Residents fight Council over school road closure

It’s the road closure that divided a suburb, and the Brisbane City Council is not budging with their decision.

From the 15th September, a section of Illaweena Street in Stretton in Brisbane was closed for two years.

It’s all part of a plan to upgrade parts of the Logan Motorway and the Gateway Motorway – a greater project called the Logan Enhancement Project.

It sees upgrades to two of the busiest intersections of the Logan Motorway – Mount Lindesay Highway near Browns Plains, and Wembley Road near Drewvale.

That’s where the community issue lies – Illaweena Street connects the southern part of Drewvale, separated by Karawatha Forest and the Logan Motorway, with the rest of the suburb.

Residents were concerned that the closure of this street would impact their access to vital services, such as the nearby Stretton State College.

What should be a 10 minute drive, according to residents, ends up being a 45 minute drive during the morning peak.


In the map above, the red line is the current section of Illaweena Street that is closed due to upgrade works.

The purple line is the previous route parents were able to drop off their children at Stretton State College, which takes around ten minutes.

The green line is the current route parents are forced to take, which depending on traffic, can take around 45 minutes. The Mount Lindesay Highway is a major section of road linking Browns Plains to Brisbane City and the Logan Motorway, and the school run is mixed in with the everyday congestion of the road.


Their concerns were ignored by Council, who ordered the closure.

State Member for Stretton Duncan Pegg has taken on board the role of convincing the State Government to pressure the City Council to overturn their decision.

Mr Pegg has noted discrepancies between Transurban’s assessment of the road, and City Council’s.

“(Transurban) says they can keep Illaweena Street open on school days, and they consulted with the community,” Mr Pegg says.

However, there was a last minute change of heart.

“The Council decided to come in and decide there was a full closure – with limited notification to locals, and virtually no consultation with the school community,” he says.

Mr Pegg has organised various community and social media campaigns.

One event was a community protest at the corner of Gowan Road and Illaweena Street, on the first day back of the September school holidays.

Rainy weather on the day didn’t hamper the spirits of Mr Pegg, and a handful of parents who showed up to support the issue, and lend their voices to the suburban controversy.

“It’s having a huge impact on locals who need to get to work, and of course – very importantly, on the school community,” he says.

“The most ridiculous part about it is…the only reason given by the Council for fully closing Illaweena Street was to stop queuing at the Gowan Road intersection.”

On the first day of school back from holidays, the City Council’s reasoning was quickly debunked.

Before the school start time of 8:45am, lines of traffic were seen from the school entrance, all the way down Illaweena Street – across the intersection Council sighted as an issue.

Some commuters who were unaware of the changes, made illegal u-turns at the Gowan Road/Illaweena Street intersection.

Hear how Duncan Pegg plans to get the State Government involved below.

Parents of students are also upset about the road closure.

Stretton State College P&C President, Louise Nann, says the closure affects the students and their parents.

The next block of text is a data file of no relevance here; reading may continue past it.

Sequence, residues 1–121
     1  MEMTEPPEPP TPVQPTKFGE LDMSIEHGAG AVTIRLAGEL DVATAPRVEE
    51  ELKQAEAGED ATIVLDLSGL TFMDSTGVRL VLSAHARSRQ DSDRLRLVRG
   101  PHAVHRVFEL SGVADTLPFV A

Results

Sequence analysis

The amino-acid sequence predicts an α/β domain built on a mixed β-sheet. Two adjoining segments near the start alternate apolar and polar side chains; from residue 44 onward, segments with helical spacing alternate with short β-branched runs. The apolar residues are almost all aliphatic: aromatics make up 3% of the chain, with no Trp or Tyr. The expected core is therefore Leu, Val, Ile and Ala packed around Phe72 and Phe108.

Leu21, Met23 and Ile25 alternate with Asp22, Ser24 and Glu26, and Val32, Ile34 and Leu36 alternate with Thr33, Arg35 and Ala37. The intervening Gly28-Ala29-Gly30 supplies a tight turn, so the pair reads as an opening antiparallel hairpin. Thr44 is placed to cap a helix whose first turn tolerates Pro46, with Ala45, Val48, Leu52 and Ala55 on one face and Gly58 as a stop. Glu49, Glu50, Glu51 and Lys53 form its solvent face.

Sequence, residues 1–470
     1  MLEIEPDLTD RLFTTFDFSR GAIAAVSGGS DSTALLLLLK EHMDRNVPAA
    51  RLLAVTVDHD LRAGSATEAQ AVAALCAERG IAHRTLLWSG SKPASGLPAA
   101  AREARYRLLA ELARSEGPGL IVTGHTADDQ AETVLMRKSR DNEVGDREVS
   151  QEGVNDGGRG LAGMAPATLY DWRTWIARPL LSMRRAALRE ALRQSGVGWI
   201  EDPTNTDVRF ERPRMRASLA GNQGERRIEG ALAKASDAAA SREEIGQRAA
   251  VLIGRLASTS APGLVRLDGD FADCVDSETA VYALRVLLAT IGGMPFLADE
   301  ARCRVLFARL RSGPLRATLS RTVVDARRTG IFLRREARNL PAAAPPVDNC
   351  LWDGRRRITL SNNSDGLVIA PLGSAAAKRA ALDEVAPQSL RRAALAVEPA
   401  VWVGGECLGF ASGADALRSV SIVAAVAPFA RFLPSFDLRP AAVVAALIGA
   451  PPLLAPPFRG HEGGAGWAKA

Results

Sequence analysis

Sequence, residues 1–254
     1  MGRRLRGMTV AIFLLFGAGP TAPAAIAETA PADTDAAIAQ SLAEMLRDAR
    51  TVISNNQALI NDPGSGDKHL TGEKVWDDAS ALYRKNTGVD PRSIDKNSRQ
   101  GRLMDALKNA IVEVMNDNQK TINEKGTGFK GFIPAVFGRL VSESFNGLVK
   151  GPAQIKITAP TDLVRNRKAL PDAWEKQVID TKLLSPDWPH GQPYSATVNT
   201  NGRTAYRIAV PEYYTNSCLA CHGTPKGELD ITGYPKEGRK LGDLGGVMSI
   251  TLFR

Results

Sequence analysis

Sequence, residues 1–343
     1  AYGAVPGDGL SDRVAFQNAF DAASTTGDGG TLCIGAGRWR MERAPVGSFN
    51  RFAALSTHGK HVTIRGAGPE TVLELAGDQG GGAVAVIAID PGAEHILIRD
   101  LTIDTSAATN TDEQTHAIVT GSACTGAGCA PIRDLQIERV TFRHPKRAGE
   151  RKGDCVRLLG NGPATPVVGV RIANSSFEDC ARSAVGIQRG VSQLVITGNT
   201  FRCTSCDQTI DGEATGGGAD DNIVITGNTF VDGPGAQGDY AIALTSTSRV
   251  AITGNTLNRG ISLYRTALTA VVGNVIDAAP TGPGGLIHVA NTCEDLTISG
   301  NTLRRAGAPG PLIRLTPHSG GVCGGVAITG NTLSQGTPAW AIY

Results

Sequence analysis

“The additional traffic on the road means there is a bank back up Illaweena Street towards Beaudesert Road,” Ms Nann says.

She also highlights the safety issues of having a construction site next to a school.

“They’re not used to having young kids on the road…some of them are quite young…so they don’t understand that it’s a 40km/h zone,” she says.

“We’re concerned that kids may get hurt.”

Hear Louise Nann’s concerns over Council’s decision below.

On the Brisbane City Council side, Councillor Angela Owen is the representative for Calamvale Ward.

Both Ms. Nann and Mr. Pegg claim Cr Owen has not been responding to the concerns over safety and accessibility of residents in Drewvale.

QUT News contacted Cr Owen for a response, but the request was denied, with a Council spokesperson issuing a statement.

“These construction works involve demolishing and rebuilding overpass bridges for the Gateway Motorway, which travel directly above Illaweena Street,” Council says.

“Council assessed the possibility of intermittent closures of Illaweena Street, however, traffic information shows that traffic control would result in queuing through the Gowan Street intersection, impacting traffic and student safety around Stretton College.

“Stretton College remains fully accessible via road, for both the community and emergency vehicles, during the short-term closure of Illaweena Street.”

QUT News also reached out to Transurban Queensland, the contractor responsible for the upgrade works – and their spokesperson issued a single sentence statement, blaming Council for the debacle.

“Brisbane City Council, as road authority for Illaweena Street, issued a permit that requires a full closure be in place along the section of Illaweena Street between Gowan Road and the Stretton Recreational Reserve car park,” Transurban Queensland says.

In the meantime, the residents, parents, the State Government and the City Council are at a stalemate over whether to re-open access or to leave the road close.


Sources:

Duncan Pegg
State Member for Stretton

Louise Nann
Stretton State College P&C President

Spokesperson for Cr Angela Owen
Brisbane City Council

Spokesperson for Transurban Queensland
Developers of the Logan Enhancement Project

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